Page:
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[Invisionize.eu] IPS Company Blog - First Look: IP.Content 1.1.0

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We've been hard at work on the next version of our Community Content System which we have formally renamed to IP.Content. There are many exciting new capabilities with the latest version of IP.Content that we think you will like.

For the most part, our efforts into 1.1.0 have centered around one new major feature: custom databases. In IP.Content 1.1 you will be able to create an unlimited number of custom databases from within your admin control panel, allowing you to easily organize and manage your data using IP.Content. For instance, let's say you run a site about pets. You might want to create a database that contains records about all the different breeds of dogs out there, another database that contains records about all the different breeds of cats, and then yet another database that users can submit to in order to share information about their own pets. The first two databases you may only want administrators to add records to, and you may want to order by breed name, while the last database you want users to submit records to, and you may want to order by date the records were added to the database. IP.Content 1.1.0 can easily manage all of this.

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When you create your custom databases you can decide which permission masks can see and view the database, who can add and edit records within the database, and who can rate records and comment on records within the database. Commenting and rating functionality is built in (if you enable it for the database). You can set whether users can submit to a database (or you can set a database so that only administrators can submit to it), and you can even set a database to be editable in a wiki-like manner (i.e. any user can edit any record within the database). You control the default sorting and ordering options for the database, and you control whether records and comments should require moderator approval before becoming publicly visible on a per-database level. You can also enable revisions for records within a database (that is, when users edit the records a backup of the copy they edited is saved in case you need to review it later, compare it to the current version of the record, or restore an older copy of the record).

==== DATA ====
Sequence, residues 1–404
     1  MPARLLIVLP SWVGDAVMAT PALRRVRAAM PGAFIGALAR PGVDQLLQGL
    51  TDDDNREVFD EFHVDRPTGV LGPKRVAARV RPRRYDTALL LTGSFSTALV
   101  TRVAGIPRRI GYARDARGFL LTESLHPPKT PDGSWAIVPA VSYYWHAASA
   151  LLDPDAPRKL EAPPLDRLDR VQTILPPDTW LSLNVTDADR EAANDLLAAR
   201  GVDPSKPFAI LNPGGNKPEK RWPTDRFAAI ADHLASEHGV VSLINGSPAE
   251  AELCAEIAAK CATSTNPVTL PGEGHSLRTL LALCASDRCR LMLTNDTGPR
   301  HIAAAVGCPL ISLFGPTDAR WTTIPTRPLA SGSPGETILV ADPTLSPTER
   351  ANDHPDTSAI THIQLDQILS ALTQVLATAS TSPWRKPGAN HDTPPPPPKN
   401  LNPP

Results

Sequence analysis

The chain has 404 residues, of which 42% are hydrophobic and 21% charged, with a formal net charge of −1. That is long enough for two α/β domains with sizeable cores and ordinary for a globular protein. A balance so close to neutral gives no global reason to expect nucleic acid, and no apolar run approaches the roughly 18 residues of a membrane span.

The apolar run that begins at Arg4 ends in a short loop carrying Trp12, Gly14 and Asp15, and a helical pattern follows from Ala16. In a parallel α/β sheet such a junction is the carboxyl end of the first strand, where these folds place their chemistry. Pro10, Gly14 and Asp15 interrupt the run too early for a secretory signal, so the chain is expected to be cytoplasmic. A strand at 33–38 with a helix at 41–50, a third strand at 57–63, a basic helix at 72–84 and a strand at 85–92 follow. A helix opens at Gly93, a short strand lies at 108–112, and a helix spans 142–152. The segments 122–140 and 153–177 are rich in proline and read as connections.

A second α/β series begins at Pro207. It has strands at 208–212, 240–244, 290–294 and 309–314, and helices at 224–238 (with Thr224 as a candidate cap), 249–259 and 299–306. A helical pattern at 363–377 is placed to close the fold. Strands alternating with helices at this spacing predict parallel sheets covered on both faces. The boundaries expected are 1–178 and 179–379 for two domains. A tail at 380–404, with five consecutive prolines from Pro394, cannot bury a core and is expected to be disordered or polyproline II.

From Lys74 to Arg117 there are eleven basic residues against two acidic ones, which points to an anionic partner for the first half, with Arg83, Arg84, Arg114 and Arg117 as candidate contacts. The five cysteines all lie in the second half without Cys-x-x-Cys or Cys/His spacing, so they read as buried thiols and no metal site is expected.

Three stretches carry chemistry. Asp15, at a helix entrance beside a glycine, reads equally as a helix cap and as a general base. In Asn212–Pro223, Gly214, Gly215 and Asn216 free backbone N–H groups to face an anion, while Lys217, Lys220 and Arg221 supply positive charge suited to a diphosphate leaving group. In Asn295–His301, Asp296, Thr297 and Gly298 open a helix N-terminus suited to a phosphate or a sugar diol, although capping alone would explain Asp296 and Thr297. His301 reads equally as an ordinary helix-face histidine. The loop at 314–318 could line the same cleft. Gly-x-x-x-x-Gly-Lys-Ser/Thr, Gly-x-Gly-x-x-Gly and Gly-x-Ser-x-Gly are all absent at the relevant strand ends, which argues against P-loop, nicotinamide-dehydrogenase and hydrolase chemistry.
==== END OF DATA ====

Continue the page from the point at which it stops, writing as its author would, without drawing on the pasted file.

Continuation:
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After creating a database, you then create each field within the database yourself. IP.Content 1.1.0 supports the following field types: text input, textarea, radio buttons, checkboxes, select lists, multi-select lists, date input (i.e. an input field with a calendar overlay to select the date), WYSIWYG editor areas, and attachments. There are a few limitations on how many and which fields you can add (for instance, you can have as many WYSIWYG fields as you want, but you may only add one attachments field per database), but for the most part the number of fields and specific configuration is up to you. The field types framework is extensible, so developers can easily add new field types in the future simply by uploading a single file to a specific directory.

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You can create unlimited categories and subcategories on a per-database level as well. Note, however, that you are not required to create and use categories should you not need to. When creating categories, you can opt to simply honor the database's permission settings, or extend those permissions - that way you can have some categories that are available to all users, and some categories that are only available to VIP members, or staff members, for example.

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You also control moderators on a per-database level, with support for both member and group moderators available. You can control whether moderators can approve records, approve comments, edit records, delete records, delete comments, pin/unpin records, lock records, and unlock records.